Most faithful Catholics would agree that there is a time and a place to talk about the environment. And if we’re ranking issues, protecting migrants should be above the environment, in my humble opinion. However, the Church, especially her prelates will have no moral authority to carry on the work of the Church, protect migrants or worry about the environment, if first they do not in humility seek the truth, and root out the rottenness that allows this depravity to continue.

Thinking about Jesus, who is the founder of the Church, He has some specific words that seem to go to the heart of this:

If your right eye causes you to sin, tear it out and throw it away; it is better for you to lose one of your members than for your whole body to be thrown into hell. And if your right hand causes you to sin, cut it off and throw it away; it is better for you to lose one of your members than for your whole body to go into hell.” (Matthew 5:29-30, NRSV)

“If any of you put a stumbling block before one of these little ones who believe in me, it would be better for you if a great millstone were fastened around your neck and you were drowned in the depth of the sea.” (Matthew 18:6 NRSV)

“Woe to you, scribes and Pharisees, hypocrites! For you cross sea and land to make a single convert, and you make the new convert twice as much a child of hell as yourselves.” (Matthew 23:15, NRSV)

In love it is time to speak the truth as Jesus did. It is better for those who have authority in the Church to excise that thing that causes sin–lose that–better that, than end up eternally in hell! If by your actions, actively or passively, you place a stumbling block before God’s children who look to you for spiritual guidance, Jesus has a special millstone that will have your name engraved on it. And finally, if you are saying one thing with your mouth, but living a lie and leading the flock astray, not only are you a child of hell, but hell will be your destiny.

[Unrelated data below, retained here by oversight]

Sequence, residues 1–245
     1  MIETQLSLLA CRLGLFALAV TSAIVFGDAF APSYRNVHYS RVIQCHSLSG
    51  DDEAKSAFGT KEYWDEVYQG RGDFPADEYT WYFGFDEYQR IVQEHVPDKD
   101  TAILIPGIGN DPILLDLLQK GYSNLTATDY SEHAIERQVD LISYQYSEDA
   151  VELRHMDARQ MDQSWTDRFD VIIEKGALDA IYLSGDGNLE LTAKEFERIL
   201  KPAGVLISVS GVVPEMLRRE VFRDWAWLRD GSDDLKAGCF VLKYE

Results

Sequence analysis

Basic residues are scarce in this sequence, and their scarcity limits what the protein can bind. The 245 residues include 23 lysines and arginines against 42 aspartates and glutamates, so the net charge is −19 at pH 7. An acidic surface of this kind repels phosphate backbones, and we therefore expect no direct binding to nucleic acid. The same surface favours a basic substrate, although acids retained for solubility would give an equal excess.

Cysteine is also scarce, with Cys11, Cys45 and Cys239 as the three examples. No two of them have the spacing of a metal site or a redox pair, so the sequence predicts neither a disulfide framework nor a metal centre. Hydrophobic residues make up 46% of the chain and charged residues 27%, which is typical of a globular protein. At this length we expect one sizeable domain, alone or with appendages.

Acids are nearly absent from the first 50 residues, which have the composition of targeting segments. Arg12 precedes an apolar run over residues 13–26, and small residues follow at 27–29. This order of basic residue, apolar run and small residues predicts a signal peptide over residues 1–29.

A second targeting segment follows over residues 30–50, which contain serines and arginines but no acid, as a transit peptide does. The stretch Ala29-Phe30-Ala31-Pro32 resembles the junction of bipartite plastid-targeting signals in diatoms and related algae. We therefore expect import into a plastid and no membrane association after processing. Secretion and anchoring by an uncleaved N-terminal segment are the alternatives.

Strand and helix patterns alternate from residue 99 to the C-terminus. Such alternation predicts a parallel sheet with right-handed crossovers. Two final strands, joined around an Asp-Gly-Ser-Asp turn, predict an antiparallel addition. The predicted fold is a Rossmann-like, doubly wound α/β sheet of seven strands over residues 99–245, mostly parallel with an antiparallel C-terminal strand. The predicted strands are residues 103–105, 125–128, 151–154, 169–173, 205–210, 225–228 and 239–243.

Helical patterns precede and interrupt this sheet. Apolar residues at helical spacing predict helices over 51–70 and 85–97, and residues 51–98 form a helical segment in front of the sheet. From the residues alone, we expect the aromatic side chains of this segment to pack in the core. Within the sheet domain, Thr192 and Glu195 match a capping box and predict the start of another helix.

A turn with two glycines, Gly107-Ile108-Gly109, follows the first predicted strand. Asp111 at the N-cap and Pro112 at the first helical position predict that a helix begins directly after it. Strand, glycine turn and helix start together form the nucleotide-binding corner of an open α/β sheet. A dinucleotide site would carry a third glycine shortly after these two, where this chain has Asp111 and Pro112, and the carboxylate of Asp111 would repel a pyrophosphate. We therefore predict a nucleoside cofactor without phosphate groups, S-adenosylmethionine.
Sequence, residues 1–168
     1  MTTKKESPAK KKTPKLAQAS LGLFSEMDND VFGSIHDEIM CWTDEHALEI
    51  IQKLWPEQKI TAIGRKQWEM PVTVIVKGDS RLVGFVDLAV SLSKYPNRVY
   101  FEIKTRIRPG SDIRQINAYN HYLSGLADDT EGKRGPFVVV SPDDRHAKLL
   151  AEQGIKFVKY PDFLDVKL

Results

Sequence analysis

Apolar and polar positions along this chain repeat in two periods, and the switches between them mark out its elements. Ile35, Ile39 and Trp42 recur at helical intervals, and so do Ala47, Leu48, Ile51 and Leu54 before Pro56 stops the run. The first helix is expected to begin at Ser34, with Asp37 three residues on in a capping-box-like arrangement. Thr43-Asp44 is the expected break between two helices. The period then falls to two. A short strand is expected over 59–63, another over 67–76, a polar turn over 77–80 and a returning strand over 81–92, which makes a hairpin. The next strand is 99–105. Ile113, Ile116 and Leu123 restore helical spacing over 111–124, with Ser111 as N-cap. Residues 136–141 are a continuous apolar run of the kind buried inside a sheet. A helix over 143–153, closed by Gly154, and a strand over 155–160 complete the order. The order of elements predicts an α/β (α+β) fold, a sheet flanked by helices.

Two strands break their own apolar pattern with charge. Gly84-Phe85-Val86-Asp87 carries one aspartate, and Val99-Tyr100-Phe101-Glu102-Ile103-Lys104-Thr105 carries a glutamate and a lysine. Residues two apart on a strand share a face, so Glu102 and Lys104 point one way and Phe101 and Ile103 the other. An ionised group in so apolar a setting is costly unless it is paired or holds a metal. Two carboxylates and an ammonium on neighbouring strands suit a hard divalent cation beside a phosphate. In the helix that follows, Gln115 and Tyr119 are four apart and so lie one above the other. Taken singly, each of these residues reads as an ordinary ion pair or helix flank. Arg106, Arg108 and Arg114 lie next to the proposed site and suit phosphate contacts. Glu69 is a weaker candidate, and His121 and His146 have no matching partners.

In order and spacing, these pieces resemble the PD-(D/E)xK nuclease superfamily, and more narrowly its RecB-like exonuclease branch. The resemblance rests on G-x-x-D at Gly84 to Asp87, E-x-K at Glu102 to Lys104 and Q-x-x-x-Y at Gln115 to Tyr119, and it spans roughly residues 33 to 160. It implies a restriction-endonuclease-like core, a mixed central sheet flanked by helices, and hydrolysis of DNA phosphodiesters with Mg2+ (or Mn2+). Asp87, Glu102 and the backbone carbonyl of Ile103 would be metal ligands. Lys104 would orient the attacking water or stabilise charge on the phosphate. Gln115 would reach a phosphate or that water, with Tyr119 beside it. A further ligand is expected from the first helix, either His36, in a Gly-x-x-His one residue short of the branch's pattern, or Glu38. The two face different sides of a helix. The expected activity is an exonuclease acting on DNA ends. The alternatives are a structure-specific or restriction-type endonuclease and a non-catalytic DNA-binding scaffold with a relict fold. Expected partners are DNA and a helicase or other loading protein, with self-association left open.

For the love of God, for the love of Christ’s Church, for the love of the flock, and for the care of your soul–if you are living a lie–it’s not too late to confess and surrender yourself to the mercy of Almighty God. If you don’t, you are no good to us or to Jesus Christ and His Church.

The Bigger Agenda

“Scaring the hell out of me”

Mother Angelica foundress of EWTN used to say, “My intention is to scare the hell out of you.” She minced no words as she spoke the truth in love.